Mahimahi (Dolphin Fish)

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Other wise known as Dolphin Fish, the original name causes many to mistake them for the porpoise or dolphin. This is not so as Mahimahi is a fish, not a mammal. Mexican and Latin American Dolphin are called "Dorado". Mahimahi often gather in large schools attracted to floating objects such as logs and buoys where they find smaller fish to feed on. They are surface feeders and are found throughout the Pacific and tropical waters world wide. Hawaiian Mahimahi is regarded as some of the highest quality in the world with fish over 15 pounds in size being preferred. Their flesh is white, firm, sweeter than Ono, and delicious when saut'ed, baked, broiled, or fried.


Flavor Profile:
Flavor
 
Full Mild Moderte
Texture
 
Full Mild Moderte
Nutritional Facts:
Serving Size: 100g/3.5 oz (raw)Amount per serving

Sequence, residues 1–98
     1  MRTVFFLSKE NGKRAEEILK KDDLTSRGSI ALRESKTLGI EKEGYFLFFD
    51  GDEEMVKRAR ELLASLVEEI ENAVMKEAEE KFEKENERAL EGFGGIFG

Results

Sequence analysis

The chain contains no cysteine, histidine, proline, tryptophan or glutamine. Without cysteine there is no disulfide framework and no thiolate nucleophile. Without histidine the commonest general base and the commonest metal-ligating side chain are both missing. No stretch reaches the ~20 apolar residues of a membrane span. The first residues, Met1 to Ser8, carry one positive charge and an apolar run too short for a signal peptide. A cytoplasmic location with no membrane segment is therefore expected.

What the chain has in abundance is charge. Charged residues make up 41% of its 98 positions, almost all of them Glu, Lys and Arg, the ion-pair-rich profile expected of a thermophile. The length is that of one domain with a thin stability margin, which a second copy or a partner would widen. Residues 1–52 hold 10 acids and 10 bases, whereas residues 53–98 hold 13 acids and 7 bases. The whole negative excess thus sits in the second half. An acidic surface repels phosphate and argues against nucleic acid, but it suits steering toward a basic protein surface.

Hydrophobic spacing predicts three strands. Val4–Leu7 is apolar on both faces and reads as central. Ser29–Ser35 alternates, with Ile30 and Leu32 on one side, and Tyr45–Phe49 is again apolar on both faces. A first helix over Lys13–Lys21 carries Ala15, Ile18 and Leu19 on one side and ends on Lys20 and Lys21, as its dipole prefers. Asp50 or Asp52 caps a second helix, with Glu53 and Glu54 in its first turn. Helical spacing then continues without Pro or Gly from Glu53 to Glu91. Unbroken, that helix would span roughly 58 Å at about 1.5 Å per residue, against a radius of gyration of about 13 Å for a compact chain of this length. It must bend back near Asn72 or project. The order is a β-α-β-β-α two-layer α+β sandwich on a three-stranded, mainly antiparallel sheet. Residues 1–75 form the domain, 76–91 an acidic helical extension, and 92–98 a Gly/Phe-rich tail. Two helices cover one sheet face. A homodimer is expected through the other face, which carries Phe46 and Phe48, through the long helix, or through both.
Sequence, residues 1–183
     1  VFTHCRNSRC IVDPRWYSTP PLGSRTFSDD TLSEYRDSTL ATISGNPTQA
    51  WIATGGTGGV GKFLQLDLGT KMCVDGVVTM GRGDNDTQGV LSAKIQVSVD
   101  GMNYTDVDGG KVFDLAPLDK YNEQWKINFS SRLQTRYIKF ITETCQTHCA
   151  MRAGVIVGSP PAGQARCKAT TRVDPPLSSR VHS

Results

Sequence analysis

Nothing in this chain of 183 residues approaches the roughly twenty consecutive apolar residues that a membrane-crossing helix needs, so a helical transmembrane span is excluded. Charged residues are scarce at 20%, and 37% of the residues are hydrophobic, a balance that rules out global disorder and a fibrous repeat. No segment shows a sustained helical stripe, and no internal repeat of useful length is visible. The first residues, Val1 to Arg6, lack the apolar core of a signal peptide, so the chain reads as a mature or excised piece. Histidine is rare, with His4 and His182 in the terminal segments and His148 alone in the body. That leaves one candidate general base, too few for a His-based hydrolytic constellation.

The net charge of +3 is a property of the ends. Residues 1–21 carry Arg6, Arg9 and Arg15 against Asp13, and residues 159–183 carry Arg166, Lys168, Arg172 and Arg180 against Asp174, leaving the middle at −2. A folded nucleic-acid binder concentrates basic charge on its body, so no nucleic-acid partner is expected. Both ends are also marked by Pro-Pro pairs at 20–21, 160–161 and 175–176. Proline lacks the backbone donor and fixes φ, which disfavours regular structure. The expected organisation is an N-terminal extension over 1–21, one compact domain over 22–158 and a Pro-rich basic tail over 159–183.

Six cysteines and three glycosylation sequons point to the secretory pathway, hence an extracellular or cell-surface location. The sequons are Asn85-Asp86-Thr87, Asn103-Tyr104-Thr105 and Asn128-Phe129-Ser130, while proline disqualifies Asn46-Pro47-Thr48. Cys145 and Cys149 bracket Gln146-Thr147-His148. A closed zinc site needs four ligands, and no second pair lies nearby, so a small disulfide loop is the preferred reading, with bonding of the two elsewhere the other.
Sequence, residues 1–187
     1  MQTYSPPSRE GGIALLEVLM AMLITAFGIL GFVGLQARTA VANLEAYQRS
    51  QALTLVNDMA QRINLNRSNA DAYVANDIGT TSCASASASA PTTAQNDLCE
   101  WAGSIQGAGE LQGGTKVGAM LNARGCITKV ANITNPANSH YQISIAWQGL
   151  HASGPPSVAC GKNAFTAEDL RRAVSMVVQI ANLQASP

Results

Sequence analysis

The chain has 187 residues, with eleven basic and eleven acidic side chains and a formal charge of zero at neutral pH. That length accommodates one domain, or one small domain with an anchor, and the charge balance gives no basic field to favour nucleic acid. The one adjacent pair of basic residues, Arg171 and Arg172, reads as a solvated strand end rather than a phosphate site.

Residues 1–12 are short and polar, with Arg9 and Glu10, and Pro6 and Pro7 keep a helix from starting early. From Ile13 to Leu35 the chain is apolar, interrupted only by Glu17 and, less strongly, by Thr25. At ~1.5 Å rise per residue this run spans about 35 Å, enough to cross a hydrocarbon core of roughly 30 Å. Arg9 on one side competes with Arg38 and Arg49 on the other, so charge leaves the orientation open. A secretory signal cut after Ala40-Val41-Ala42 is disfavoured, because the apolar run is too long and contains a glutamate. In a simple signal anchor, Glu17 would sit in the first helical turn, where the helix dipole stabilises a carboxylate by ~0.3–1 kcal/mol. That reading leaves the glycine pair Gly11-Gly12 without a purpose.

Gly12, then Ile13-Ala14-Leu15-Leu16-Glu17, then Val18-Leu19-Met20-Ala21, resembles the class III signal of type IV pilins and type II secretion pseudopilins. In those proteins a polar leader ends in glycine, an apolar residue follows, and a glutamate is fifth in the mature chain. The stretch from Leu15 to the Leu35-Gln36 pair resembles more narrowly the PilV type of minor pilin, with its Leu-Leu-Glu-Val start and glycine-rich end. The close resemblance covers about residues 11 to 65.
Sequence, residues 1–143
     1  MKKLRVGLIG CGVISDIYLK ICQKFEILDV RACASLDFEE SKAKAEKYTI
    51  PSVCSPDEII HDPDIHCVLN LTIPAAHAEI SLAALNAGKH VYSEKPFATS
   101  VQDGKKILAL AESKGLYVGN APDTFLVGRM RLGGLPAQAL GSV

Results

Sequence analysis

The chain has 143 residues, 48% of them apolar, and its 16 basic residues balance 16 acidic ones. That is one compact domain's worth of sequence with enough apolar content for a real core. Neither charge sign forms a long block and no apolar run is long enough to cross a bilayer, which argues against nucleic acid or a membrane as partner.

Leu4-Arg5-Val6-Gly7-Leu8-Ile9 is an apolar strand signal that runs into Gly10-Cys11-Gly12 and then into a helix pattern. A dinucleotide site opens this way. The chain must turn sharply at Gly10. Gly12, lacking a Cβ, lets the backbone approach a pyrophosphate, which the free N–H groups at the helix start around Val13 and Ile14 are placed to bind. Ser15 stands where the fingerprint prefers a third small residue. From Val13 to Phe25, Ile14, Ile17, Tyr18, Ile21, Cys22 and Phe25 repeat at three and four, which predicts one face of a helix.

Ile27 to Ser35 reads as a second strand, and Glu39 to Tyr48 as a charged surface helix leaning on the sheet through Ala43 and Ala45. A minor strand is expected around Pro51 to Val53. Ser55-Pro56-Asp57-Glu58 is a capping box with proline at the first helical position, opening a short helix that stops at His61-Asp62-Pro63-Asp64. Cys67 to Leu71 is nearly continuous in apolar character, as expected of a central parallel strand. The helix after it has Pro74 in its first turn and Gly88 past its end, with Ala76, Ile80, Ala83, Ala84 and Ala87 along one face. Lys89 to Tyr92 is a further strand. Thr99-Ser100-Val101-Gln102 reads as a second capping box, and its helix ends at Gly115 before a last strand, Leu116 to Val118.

• Calories 89
  • Fat Calories 8
  • Total Fat 0.9 g
  • Saturated Fat 0.3 g
  • Cholesterol 86 mg
  • Sodium 128 mg
  • Protein 18.9 g
  • Omega-3 N/A

Common Names:

Mahimahi, Mahi Mahi, Dolphinfish, Dorado

Scientific Name:

Coryphaena Bippurus

Seasonal Availabiliy:

All Seasons

Regions Found:

Hawaii USA

Primary Product Form:

none

Cooking Tips:

Mahi Mahi is a lean fairly firmed meat with a sweet and mild to moderate flavor, very similar to swordfish. The dark portions you may find on a fillet can be trimmed away to produce a much milder flavor.
Raw mahi fillets will be pinkish to a grayish white, the cooked meat will be off-white with large, moist flakes.
Mahi Mahi is great for grilling and remain moist if you do not overcook it. You can grill the mahi with the skin on or off, I prefer to remove the skin and the darker meat portions first. It adapts well to many seasonings and can even be blackened.

Cooking Preparations:

  • Bake
  • Boil
  • Broil
  • Fry
  • Grill
  • Poach
  • Saute
  • Smoke
  • Steam

Lb Size:   10-70

Yield:   48-50